receiving, at the remote unit, the BS packet;
setting, at the remote unit, responsive to the power information, a RU power level; and
transmitting, from the remote unit, a plurality of packets, with the RU power level.
3. The power control method, as set forth in claim 1 or 2, with the step of transmitting, from the remote unit, including the step of transmitting the multi-tone packet with the plurality of tones increasing in power with increasing frequency.
4. The power control method, as set forth in claim 1 or 2, with the step of transmitting, from the remote unit, including the step of transmitting the multi-tone packet with the plurality of tones decreasing in power with increasing frequency.
5. The power control method, as set forth in claim 1 or 2, with the step of transmitting, from the remote unit, including the step of transmitting the multi-tone packet with the plurality of tones increasing and subsequently decreasing in power with increasing frequency, thereby forming a triangular shape.
6. The power control method, as set forth in claim 1 or 2, with the step of transmitting, from the remote unit, including the step of transmitting the multi-tone packet with the plurality of tones increasing in power with increasing frequency, and in a subsequent packet, decreasing in power with increasing frequency.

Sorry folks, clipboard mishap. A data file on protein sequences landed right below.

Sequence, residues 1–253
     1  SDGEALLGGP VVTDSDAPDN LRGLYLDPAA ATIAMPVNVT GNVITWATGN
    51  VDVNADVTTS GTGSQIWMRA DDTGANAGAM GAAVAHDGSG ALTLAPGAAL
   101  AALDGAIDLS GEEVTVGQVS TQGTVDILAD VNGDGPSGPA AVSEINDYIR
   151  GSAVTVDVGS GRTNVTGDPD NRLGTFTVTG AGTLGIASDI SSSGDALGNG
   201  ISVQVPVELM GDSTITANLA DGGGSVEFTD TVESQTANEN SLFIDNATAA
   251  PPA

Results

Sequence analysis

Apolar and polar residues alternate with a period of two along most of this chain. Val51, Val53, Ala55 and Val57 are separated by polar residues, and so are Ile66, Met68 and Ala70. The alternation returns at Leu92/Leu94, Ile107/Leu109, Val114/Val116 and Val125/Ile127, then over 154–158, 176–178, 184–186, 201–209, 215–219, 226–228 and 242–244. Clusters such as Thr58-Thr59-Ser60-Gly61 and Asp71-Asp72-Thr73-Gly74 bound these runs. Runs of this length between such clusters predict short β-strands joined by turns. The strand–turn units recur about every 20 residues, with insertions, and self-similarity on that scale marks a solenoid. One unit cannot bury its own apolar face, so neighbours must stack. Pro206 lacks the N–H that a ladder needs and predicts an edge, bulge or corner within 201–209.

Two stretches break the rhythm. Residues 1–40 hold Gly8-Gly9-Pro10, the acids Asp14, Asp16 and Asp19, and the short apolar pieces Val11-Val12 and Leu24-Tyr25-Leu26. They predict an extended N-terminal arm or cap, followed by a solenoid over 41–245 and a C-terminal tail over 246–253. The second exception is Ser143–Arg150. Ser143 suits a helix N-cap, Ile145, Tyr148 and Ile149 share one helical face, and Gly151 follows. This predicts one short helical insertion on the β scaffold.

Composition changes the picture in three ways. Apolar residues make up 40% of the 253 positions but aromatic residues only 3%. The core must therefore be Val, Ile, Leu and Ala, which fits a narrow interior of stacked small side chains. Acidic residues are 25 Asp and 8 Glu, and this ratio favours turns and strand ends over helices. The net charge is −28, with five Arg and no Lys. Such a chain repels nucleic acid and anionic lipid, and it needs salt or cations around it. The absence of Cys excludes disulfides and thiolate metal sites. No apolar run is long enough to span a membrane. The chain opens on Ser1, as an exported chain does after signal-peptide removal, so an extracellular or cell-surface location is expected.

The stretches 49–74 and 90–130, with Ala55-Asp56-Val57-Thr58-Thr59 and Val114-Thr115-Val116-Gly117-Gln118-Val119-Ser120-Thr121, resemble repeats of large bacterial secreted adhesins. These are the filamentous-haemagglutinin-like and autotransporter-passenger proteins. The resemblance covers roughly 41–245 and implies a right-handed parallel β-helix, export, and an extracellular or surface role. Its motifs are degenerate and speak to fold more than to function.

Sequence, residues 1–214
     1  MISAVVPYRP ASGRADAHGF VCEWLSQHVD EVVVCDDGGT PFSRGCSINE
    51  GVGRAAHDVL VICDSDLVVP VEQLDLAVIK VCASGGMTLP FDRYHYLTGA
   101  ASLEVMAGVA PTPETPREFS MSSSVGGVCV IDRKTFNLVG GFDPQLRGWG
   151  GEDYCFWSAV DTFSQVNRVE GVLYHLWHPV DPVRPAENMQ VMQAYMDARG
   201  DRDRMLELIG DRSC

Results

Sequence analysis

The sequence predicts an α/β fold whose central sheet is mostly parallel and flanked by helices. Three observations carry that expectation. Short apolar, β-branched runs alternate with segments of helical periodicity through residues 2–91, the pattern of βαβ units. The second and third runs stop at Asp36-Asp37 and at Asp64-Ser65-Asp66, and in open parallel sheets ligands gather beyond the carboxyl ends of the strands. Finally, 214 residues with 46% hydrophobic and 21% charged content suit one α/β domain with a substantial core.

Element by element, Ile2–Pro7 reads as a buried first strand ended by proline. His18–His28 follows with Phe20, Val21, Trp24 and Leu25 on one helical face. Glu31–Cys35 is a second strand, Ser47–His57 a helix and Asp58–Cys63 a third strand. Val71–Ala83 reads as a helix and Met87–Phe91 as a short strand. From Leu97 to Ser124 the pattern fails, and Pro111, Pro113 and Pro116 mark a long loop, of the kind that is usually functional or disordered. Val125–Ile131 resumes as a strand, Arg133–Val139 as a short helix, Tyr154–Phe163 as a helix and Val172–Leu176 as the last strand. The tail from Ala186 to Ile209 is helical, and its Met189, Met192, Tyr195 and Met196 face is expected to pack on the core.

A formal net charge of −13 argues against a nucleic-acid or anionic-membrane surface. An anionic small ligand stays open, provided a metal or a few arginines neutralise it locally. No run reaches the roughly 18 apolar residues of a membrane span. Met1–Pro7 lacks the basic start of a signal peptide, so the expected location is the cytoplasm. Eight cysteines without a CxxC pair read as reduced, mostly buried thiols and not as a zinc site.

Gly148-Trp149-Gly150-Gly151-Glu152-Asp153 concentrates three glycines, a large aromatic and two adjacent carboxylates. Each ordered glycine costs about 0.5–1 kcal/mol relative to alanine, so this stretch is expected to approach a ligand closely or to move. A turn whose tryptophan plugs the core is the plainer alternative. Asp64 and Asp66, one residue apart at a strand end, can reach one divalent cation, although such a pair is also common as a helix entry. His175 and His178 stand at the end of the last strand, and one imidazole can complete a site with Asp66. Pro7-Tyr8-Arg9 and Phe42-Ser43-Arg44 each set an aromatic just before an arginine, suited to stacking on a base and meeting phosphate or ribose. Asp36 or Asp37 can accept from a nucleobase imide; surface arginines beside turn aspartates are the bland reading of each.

7. The power control method, as set forth in claim 1 or 2, with the step of transmitting, from the remote unit, including the step of transmitting the multi-tone packet with the plurality of tones having non uniform spacing in frequency.
8. The power control method, as set forth in claim 2, with the step of selecting including the step of selecting a tone from a mask using a minimum mean square error.
9. The power control method, as set forth in claim 2, with the step of selecting including the step of selecting a tone from a mask using a criteria other than a minimum mean square error.
10. A power control system, comprising:
A remote unit for transmitting a multi-tone packet having a plurality of tones with each tone having a different power level and at a different frequency, from other tones in the plurality of tones;
a base station for receiving the multi-tone packet, for comparing the plurality of tones from the received multi-tone packet to a threshold, for selecting a tone from the plurality of tones meeting a desired selection criteria, and for transmitting, responsive to the selected tone, a BS packet from the base station, with the BS packet having power information from the power level of the selected tone; and
the remote unit for receiving the BS packet, and for setting, responsive to the power information, a RU power level, and for transmitting a plurality of packets, using the RU power level.
11. A power control system, comprising:
a remote unit for transmitting a multi-tone packet having a plurality of tones with each tone having a different power level and at a different frequency, from other tones in the plurality of tones;
a base station for receiving the multi-tone packet, for processing the plurality of tones from the received multi-tone packet to generate a mask, and for selecting, using the mask, a tone from the plurality of tones meeting a desired selection criteria;